• Australian (ASX) Stock Market Forum

Hello and welcome to Aussie Stock Forums!

To gain full access you must register. Registration is free and takes only a few seconds to complete.

Already a member? Log in here.

Amibroker Question: Equity Curve Trading Technique

Discussion in 'Software and Data' started by dari08ab, Mar 4, 2013.

  1. dari08ab

    dari08ab

    Posts:
    4
    Likes Received:
    0
    Joined:
    Feb 26, 2013
    Dear All,

    I have been paying around with the idea of implementing a simple equity curve trading technique, in order to establish which of my systems is more syncronized with the market I am trading. Basically I would like to switch on/off a system, based on the equity curve crossing below or above its 30 trades MA.

    Any idea of how this could be done in Amibroker?

    Thanks for the help.

    Br
    Davide
     
  2. tech/a

    tech/a No Ordinary Duck

    Posts:
    19,144
    Likes Received:
    3,095
    Joined:
    Oct 14, 2004
    Although it was with Metastock.

    I made my own chart from the components of my portfolio
    It was un weighted
    I would add or remove stocks as they were bought or sold.
    I bought equal parcels

    I was able to build the chart through " Just Data" but I'm sure you can do it through
    Richard Dales Premium Data.
     
  3. Gringotts Bank

    Gringotts Bank

    Posts:
    6,175
    Likes Received:
    602
    Joined:
    Jun 30, 2007
    Howard did this a while back.

    Try it on a single equity.

    ///////////////////////////////////////////
    // EquityCurveFeedback.afl
    //
    // Howard Bandy
    // November 2011
    //
    // There are many ways to use the equity
    // in the trading account, and its variation,
    // to act as a filter to allow or block trades.
    //
    // This code shows one example of applying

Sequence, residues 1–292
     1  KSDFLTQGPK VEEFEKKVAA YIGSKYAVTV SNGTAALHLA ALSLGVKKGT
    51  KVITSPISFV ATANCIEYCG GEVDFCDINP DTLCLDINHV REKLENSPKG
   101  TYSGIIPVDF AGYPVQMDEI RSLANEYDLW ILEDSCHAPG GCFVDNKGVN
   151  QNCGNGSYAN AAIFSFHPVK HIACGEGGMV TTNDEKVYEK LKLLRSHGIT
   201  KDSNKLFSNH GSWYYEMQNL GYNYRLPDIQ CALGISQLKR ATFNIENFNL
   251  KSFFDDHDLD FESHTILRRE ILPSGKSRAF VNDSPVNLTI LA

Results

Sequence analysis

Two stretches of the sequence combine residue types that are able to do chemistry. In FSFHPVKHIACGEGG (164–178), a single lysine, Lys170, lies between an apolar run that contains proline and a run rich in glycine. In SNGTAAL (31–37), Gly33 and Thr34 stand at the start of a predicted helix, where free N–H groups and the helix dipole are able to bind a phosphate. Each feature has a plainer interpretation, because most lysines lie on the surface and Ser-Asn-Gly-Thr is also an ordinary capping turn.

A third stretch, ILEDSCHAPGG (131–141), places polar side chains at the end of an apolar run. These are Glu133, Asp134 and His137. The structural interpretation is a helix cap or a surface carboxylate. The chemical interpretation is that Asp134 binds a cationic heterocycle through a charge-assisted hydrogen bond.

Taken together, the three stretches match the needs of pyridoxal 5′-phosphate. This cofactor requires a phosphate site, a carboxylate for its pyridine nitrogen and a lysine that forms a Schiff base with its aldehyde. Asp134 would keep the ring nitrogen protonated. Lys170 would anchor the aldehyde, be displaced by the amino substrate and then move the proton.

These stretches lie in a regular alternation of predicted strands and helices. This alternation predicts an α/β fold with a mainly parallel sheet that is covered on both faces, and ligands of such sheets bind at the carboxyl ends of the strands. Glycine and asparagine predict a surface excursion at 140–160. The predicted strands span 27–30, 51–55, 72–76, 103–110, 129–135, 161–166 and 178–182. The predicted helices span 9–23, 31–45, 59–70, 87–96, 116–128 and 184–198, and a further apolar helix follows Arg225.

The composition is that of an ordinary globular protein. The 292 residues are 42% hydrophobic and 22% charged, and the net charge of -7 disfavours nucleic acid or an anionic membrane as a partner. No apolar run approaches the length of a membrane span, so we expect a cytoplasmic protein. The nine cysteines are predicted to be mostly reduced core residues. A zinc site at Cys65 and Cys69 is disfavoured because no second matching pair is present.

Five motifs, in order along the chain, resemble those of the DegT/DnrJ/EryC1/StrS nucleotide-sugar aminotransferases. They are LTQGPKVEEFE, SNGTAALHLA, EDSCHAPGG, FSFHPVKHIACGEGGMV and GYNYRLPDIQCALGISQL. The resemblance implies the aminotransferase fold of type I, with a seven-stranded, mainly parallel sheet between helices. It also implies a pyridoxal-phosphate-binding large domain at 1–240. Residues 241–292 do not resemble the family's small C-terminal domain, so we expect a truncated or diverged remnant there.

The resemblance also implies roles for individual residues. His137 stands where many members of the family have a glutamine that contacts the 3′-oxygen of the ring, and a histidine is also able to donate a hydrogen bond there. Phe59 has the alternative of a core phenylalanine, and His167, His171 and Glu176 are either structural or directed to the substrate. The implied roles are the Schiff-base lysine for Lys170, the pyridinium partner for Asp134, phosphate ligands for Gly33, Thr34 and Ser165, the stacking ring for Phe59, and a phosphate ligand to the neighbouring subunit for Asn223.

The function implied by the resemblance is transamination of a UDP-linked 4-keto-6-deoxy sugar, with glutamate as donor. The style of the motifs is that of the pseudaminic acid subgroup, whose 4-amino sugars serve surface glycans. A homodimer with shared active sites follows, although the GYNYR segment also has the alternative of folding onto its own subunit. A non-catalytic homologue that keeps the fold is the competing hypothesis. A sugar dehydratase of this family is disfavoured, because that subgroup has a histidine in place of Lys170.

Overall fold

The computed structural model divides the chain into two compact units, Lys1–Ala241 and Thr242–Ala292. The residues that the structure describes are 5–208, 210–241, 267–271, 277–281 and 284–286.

// trading system logic to the equity curve
    // created by another trading system.
    //
    // The first system is a simple moving
    // average crossover ”” it could be any system.
    //
    MALength1 = 5; //Optimize(“MALength1?,5,2,50,2);
    MALength2 = 1; //Optimize(“MALength2?,1,1,51,2);

    Buy = Cross( MA( C, MALength1 ), MA( C, MALength2 ) );
    Sell = Cross( MA( C, MALength2 ), MA( C, MALength1 ) );

    Buy = ExRem( Buy, Sell );
    Sell = ExRem( Sell, Buy );

    e = Equity();

    Plot( C, “C”, colorBlack, styleCandle );

    PlotShapes( Buy*shapeUpArrow + Sell*shapeDownArrow,
    IIf( Buy, colorGreen, colorRed ) );
    Plot( e, “Equity”, colorGreen, styleLine | styleLeftAxisScale );

    // The equity curve is choppy.
    // If there are positive serial correlations
    // between daily equity values, then we expect
    // up days to be followed generally by more up days,
    // and down days by more down days.
    // So we might try applying a trend following system
    // to the equity curve.
    // When the equity curve is above its moving average,
    // the system is working, and we should take trades.
    // When the equity curve is below its moving average,
    // the system is out-of-sync, and we should block trades.
    // EquityMALength is the lookback period for the equity
    // curve moving average.
    // We will set Pass to either 0 or 1.
    // Pass==0 blocks trades, Pass==1 allows trades.

    EquityMALength = 6; //Optimize( “EquityMALength”, 6, 2, 20, 1 );
    EquityMA = DEMA( e, EquityMALength );

    Plot( EquityMA, “equityMA”, colorBrightGreen, styleLine | styleLeftAxisScale );

    Pass = IIf( e >= EquityMA, 1, 0 );
    Buy = Buy AND Ref(Pass,-1);

    Buy = ExRem( Buy, Sell );
    Sell = ExRem( Sell, Buy );

    e1 = Equity();